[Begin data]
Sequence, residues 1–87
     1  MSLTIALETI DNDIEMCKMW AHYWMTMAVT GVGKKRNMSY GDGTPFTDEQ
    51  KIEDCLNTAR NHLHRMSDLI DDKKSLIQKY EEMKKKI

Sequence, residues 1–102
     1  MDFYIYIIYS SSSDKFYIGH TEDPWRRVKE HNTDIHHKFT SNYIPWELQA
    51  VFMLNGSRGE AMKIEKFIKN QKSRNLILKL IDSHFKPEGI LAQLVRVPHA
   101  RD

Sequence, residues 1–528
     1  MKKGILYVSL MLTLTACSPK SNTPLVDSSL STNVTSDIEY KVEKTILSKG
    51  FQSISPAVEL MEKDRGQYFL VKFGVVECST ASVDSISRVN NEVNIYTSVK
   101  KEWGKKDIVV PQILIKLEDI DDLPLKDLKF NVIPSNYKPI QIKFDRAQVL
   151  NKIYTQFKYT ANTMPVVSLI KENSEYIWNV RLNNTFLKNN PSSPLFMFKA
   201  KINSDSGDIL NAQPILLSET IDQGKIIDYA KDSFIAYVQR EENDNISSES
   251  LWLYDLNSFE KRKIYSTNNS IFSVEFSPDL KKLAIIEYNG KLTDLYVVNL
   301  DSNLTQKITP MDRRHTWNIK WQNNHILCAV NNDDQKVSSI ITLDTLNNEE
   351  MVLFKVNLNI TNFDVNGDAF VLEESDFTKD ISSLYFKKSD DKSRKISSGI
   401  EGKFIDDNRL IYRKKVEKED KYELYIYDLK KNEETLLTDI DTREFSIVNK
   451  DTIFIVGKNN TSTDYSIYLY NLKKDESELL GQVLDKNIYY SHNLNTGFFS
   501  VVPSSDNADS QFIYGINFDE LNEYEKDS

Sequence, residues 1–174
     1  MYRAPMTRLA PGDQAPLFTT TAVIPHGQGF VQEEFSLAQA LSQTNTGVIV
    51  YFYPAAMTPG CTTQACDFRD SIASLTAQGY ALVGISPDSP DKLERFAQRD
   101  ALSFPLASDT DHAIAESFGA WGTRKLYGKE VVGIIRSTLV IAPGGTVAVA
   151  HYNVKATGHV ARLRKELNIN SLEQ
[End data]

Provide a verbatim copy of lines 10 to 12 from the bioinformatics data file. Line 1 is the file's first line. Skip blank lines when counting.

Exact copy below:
    51  FQSISPAVEL MEKDRGQYFL VKFGVVECST ASVDSISRVN NEVNIYTSVK
   101  KEWGKKDIVV PQILIKLEDI DDLPLKDLKF NVIPSNYKPI QIKFDRAQVL
   151  NKIYTQFKYT ANTMPVVSLI KENSEYIWNV RLNNTFLKNN PSSPLFMFKA